In-House Tool Detects, Quantifies Methane Emissions
A methane-quantification tool was developed by Petronas on the basis of applicable methane sources listed in guidelines produced by the Oil and Gas Climate Initiative.
Methane emission affects advocacy of natural gas as a low-carbon fuel because it has a global warming potential 25 times greater than CO2. Managing methane emissions across the gas value chain is critical for an oil and gas company for natural gas to be qualified as a cleaner fuel in the energy transition. Methane emission usually is quantified from key intended emission sources such as venting, flaring, and combustion. This monitoring of the greenhouse-gas emissions enables gradual reduction of large intended methane sources. Unintended fugitive methane emission, however, as well as those from other small intended sources such as compressor seals, are usually not quantified and reported.
To support the energy transition, a need exists to increase accurate quantification and reduction of methane emissions and determine long-term reduction targets to drive the competitiveness of natural gas as a low-carbon fuel. To this end, an initiative was taken to measure baseline data for methane emission for gas-processing facilities and gas-transmission and regasification unit by using accurate measurement tools and methods for detection and quantification.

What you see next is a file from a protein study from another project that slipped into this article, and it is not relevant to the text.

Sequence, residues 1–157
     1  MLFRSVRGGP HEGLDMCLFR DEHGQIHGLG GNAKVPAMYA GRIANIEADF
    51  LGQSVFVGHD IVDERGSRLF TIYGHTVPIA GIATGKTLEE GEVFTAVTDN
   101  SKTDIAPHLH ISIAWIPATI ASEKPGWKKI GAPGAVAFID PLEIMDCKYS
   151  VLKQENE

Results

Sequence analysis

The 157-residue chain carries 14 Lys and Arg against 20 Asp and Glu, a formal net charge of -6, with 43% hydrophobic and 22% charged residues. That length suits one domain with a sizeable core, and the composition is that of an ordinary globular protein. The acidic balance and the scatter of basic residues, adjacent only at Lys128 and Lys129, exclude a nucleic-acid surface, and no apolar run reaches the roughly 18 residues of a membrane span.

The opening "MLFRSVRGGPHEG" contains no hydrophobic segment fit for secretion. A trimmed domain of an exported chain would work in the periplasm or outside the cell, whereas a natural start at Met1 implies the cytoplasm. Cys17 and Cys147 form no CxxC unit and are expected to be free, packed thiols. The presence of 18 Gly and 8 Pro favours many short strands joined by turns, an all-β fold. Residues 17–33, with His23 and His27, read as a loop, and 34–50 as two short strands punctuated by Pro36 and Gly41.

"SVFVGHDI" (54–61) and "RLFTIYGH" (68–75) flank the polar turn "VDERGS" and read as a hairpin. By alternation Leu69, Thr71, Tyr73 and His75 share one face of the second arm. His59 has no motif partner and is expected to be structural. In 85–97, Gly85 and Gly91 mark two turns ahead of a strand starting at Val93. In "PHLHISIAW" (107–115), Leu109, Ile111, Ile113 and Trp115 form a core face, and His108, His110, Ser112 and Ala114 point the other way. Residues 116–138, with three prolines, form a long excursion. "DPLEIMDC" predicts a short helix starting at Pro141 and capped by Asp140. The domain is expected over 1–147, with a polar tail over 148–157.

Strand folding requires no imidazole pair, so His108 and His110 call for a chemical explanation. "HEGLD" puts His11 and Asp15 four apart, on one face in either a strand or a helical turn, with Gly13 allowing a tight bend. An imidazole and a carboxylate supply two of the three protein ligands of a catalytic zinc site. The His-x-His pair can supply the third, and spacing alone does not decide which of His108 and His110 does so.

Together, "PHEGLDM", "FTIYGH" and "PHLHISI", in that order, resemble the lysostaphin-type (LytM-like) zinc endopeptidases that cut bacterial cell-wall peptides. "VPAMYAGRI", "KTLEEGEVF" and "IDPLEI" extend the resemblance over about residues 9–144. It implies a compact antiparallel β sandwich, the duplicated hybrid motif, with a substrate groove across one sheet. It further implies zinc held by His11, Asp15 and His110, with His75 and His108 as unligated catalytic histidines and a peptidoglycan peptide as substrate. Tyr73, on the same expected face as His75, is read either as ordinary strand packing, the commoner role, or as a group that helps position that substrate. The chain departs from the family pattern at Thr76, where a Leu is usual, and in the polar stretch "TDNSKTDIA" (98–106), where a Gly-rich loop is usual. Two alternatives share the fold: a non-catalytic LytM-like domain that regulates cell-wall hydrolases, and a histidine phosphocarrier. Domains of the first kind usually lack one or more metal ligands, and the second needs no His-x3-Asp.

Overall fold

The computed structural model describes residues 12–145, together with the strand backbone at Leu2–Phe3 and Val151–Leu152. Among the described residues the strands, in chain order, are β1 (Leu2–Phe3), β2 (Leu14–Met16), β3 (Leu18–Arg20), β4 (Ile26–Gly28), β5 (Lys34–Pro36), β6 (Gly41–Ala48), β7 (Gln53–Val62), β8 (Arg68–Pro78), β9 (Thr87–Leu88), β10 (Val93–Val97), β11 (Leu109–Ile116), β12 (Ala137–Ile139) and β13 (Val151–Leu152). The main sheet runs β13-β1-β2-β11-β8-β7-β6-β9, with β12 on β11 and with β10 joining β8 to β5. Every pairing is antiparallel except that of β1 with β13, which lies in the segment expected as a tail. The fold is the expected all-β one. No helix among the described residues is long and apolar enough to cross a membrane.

A methane-quantification tool was developed in-house by Petronas Group Technical Solutions Process Simulation, with the two Petronas business units as users. Methane emission is quantified on the basis of applicable methane sources listed in guidelines produced by the Oil and Gas Climate Initiative. The quantification covers the following methane emission sources based on the applicability to the sample plants:
- Unintended release
- Fugitive leaks
- Loss of primary containment
- Intended release
- Venting of hydrocarbon
- Flaring of hydrocarbon
- Stationary combustion
- Compressor seals
- Pneumatic controls and pumps
The volume of methane emission from fugitive leaks, compressor seals, and pneumatic devices had not been quantified accurately in Petronas until the methane quantification tool by was established.